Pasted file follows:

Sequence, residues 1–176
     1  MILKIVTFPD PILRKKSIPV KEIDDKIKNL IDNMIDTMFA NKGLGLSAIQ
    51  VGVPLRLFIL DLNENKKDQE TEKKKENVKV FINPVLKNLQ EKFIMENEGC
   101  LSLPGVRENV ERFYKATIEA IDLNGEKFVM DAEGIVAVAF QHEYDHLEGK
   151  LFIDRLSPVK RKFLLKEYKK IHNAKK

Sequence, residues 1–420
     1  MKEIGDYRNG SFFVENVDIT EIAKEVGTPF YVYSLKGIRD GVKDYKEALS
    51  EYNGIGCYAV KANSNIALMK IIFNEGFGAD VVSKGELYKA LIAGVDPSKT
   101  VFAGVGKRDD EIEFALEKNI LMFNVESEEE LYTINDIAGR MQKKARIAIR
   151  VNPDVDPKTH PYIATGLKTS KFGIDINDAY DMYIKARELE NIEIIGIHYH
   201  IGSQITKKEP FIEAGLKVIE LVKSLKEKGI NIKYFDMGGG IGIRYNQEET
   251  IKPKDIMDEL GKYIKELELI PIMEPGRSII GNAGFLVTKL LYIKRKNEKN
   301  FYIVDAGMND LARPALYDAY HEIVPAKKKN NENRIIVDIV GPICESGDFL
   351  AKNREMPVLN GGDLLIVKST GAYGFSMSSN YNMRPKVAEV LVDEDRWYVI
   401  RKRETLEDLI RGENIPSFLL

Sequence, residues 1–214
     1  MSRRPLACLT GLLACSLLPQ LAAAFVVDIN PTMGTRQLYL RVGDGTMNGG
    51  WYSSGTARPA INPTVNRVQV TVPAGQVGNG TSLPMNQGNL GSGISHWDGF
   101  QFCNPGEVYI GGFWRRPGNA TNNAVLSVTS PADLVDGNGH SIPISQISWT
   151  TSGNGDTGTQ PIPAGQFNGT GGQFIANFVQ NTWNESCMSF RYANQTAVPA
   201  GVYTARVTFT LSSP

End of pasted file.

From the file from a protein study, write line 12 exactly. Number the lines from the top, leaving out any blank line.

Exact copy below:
   251  IKPKDIMDEL GKYIKELELI PIMEPGRSII GNAGFLVTKL LYIKRKNEKN